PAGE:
Study Shows Baby Boomers Were Pushed Out of the Workforce

Many employees ages 55 to 74 aren’t part of the Great Resignation—they got fired.

The labor market is tight, with employers scrambling to sign up people for their bounteous openings. At the same time, there’s the pandemic-era phenomenon called the Great Resignation, where folks quit their jobs at record rates.


Turns out that, for one group of workers, no such large voluntary exodus occurred. Among employees ages 55 to 74, getting the boot was a huge factor in their joining the retirement rolls. So says a study from economics professor and retirement expert Teresa Ghilarducci at the New School’s Schwartz Center for Economic Policy Analysis.


Since March 2020, the onset of the pandemic, the retired population ages 55 to 74 expanded beyond its normal trend by an additional 1.1 million. While that seemed to play into the Great Resignation narrative, the study says, “most of these retirements occurred after periods of unemployment rather than directly from employment.”


In other words, it appears that they got canned first, spent a while unemployed, and failed to gain new jobs. Then they retired.


Older workers got slammed hard in the early days of COVID-19. In March 2020, some 35 million of these older employees were working. The next month, 3.8 million (11%) of that group lost their jobs. Only 2% of those workers actually retired then, according to the study.


Out of these 3.8 million older workers, 400,000 retired involuntarily one year later, the report finds. Compare that to a normal year: Usually, 180,000 older workers lose jobs in a given month and 30,000 of them end up retired one year later.


So will these axed older workers try to re-join the workforce, now that many jobs are going begging? It is “too soon to tell,” the study says, but indications are that they won’t be returning en masse. True, raises have been robust for young and mid-career workers with less experience—from 8.3% and 3.9% in February 2020 to 11.4% and 4.4% in February 2022, respectively. But wage growth for the older bunch has not exceeded the pre-pandemic peak for them of 2.9%.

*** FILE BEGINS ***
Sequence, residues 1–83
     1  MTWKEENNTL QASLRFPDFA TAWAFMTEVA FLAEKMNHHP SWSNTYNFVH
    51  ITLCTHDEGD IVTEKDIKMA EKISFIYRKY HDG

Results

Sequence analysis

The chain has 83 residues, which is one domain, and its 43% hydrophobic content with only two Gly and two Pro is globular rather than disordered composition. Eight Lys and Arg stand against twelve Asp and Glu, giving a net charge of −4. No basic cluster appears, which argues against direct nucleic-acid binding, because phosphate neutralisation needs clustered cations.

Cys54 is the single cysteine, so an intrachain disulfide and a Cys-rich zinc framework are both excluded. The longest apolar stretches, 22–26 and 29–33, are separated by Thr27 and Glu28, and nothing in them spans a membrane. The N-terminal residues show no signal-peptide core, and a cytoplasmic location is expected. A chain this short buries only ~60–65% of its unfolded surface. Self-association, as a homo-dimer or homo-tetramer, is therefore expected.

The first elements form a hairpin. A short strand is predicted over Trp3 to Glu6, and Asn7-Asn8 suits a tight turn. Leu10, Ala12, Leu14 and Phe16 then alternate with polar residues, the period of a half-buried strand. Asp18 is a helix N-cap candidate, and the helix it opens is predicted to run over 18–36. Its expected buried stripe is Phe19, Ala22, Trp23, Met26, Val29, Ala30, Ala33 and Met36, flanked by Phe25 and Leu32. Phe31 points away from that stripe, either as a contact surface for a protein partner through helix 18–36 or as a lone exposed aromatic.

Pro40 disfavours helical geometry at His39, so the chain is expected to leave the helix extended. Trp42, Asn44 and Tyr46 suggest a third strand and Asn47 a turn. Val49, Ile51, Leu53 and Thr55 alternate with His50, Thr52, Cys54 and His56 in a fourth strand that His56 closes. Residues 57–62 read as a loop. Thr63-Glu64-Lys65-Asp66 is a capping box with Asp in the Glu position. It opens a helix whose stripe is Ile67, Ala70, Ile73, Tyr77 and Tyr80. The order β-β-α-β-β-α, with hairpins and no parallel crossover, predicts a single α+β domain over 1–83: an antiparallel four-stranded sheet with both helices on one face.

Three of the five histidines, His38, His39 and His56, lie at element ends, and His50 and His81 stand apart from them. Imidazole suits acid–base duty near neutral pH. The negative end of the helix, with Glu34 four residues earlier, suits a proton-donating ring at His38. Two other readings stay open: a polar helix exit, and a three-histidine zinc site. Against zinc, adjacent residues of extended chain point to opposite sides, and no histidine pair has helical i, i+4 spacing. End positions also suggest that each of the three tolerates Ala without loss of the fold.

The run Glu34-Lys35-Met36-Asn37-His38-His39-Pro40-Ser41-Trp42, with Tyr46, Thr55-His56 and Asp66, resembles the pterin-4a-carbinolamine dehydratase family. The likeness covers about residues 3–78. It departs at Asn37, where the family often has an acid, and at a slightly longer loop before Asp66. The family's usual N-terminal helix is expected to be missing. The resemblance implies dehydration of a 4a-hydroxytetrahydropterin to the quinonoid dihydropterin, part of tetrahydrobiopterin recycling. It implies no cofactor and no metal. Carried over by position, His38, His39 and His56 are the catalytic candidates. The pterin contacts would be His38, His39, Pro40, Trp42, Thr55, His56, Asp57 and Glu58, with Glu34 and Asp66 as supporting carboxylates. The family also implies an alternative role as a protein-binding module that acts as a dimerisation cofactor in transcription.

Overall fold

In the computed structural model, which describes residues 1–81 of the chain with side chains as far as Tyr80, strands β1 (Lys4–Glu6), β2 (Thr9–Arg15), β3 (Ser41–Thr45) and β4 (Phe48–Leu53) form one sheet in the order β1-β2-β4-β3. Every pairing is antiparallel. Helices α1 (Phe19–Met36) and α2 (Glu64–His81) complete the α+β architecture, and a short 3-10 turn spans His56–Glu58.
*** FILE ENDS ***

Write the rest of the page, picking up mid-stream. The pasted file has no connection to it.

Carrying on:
“Low levels of wage growth suggest that the decision to remain retired may not reflect the preferences of many retirees, but rather the lack of demand for their skills and experience,” the study says. Thus, even if they want to return, despite the meager wage increase, many employers won’t want them, Ghilarducci’s report concludes.

Among the younger segment of this older cohort, those 55 to 59, the picture is more mixed. A study from the Employee Benefit Research Institute states they have lagged in their return to employment, although with variations depending on race and gender. The number of employed Black and Hispanic Americans in that age group was slightly higher at the end of 2021 than in 2019, except for Black males, EBRI reports. The age group’s number of white Americans employed dipped, but that was mostly confined to females.